Toyota Hilux has been an outstanding sales success for Toyota over the years with over 850,000 sold in Australia alone since 1968. That equates to better than 1 in 20 globally and as such Australia is an important market for the Hilux.
To put it in perspective the Hilux in all its variants has been the third highest selling vehicle for the last 7years, has topped the monthly sales charts 13 times sold more than 11,500 more than the nearest competitor in 2014 and was the highest selling 4WD for the last 10 years and sold 40,000 units alone in 2014. To say it is important to Toyota Australia is an understatement.
However the ute market is shifting and Toyota needs to stay relevant in the ultra competitive segment with more refined and improved offerings from Ford, Mitsubishi, Holden , Mazda and Isuzu in the last few years.
More buyers are wanting more features, more SUV like interiors, more luxury, better handling, better towing capability, better economy with more power, more crossover ability from work ute to family adventure chariot.
To show just how serious Toyota is in meeting these challenges they took the radical step of appointing as chief designer a passenger car specialist with the reputation of producing outstanding value and refinement. Has it worked.. well at the preview today at Toyota headquarters in Sydney we had a pre production version that had blacked out windows and shut doors, so I guess we will have to wait til October for the release to let you know.
The all new 8th generation Hilux is certainly a fast track evolution on the previous model. Some of the highlights are
• all new from ground up,
• new and improved engine choices,
• lighter yet stronger,
• refined ‘Australianised’ suspension
• 3.5T towing capacity
• Improved comfort and convenience features
• reduced NVH
• 6 speed MT & AT
• improved safety.
• Hi Rider 2WD version
To be honest other than the engine details there isn’t a lot extra to tell until the Australian versions arrive later in the year. We have a lot of marketing speak about how good it will be but until we can see it touch it feel it taste it we really can’t comment more.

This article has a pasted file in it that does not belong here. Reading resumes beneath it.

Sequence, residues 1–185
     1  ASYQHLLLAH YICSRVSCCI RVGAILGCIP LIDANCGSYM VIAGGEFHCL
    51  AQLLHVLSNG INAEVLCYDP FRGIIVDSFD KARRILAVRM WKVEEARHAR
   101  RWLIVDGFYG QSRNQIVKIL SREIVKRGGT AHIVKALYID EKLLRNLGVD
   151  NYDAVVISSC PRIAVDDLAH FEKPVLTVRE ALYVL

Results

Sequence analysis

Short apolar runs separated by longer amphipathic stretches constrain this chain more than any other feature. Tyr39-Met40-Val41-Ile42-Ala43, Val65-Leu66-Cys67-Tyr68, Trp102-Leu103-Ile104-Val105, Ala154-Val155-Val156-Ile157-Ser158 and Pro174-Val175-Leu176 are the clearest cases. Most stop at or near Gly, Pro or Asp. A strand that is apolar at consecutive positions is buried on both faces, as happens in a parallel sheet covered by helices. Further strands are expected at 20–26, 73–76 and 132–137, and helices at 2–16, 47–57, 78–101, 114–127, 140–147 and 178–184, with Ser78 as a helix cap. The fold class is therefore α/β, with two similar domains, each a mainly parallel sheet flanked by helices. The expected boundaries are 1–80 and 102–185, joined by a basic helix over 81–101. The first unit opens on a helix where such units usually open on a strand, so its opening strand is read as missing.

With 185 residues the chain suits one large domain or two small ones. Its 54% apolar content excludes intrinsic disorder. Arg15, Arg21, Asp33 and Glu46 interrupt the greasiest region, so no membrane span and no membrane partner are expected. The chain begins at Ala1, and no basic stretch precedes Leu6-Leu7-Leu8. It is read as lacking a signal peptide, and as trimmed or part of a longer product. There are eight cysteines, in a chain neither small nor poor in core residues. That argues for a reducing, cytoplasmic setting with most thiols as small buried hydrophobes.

We can tell you though that there will be 31 variants of the 8th generation Hilux in 4X4, 4X2, single, extra and dual cab, 4 engines two petrol and two diesel and Workmate, SR and finally SR5 versions.
The engine details however we can reveal and finally a diesel with some power and torque!
Toyota HiLux will be offered the choice of four engines – two new turbo-diesel engines and two petrol units.
The newly developed GD-series diesel engines are notable for their low-speed torque, generating higher maximums than the current 3.0-litre engine while cutting fuel use by around 10 per cent*.
HiLux will also be offered with an upgraded 2.7-litre four-cylinder petrol engine, with gains to power, torque and efficiency.
The 4.0-litre V6 petrol engine continues in the new range that is due to arrive in Australia from early October.
Toyota’s new 1GD engine is a 2.8-litre (2755cm3) four-cylinder common-rail turbo diesel that employs a highly efficient fuel-injection system and intake/exhaust ports.
Although 227cm3 smaller than the engine it replaces, torque has been increased by up to 25 per cent with a maximum of 450Nm available over an extended band from 1600 to 2400rpm.
Power output also improves by 4kW to a peak of 130kW at 3400rpm along with higher gains below 3000rpm to support low-to-mid-range performance.
Development engineers adopted measures to lower weight, enhance combustion efficiency and reduce friction, resulting in markedly improved fuel consumption.
Similar strategies were employed for the second new engine, the 2.4-litre (2393cm3) four-cylinder 2GD turbo-diesel.
With available torque of up to 400Nm from 1600 to 2000rpm and maximum power of 110kW at 3400rpm, this will be the main engine used for 4×2 HiLux variants in Australia.
Toyota also thoroughly revised its 2.7-litre, four-cylinder 2TR petrol engine, achieving useful gains in power and torque while reducing fuel consumption.
Power is up more than five per cent to 122kW while torque has edged up more than two per cent with fuel consumption falling to less than 11 litres/100km on the combined cycle*.
Variable valve timing has been adopted on both the intake and exhaust sides while new shapes have been introduced for the tumble port and combustion chamber to support high compression.
Other updates include lower weight for the roller rocker arm, retainer and valve springs along with measures to reduce friction, including a new oil pump and timing chain.
Improvements to performance and efficiency are supported by new six-speed manual and automatic transmissions.
A new intelligent manual transmission helps eliminate shift shock by matching engine revs to the transmission speed. It is particularly useful at start-off when towing as it helps prevent stalling.
Specifications are preliminary, based on pre-production information, and are subject to change.
*Fuel consumption varies depending on driving conditions / style, vehicle conditions and options / accessories. Source of fuel consumption data: ADR81/02 combined cycle.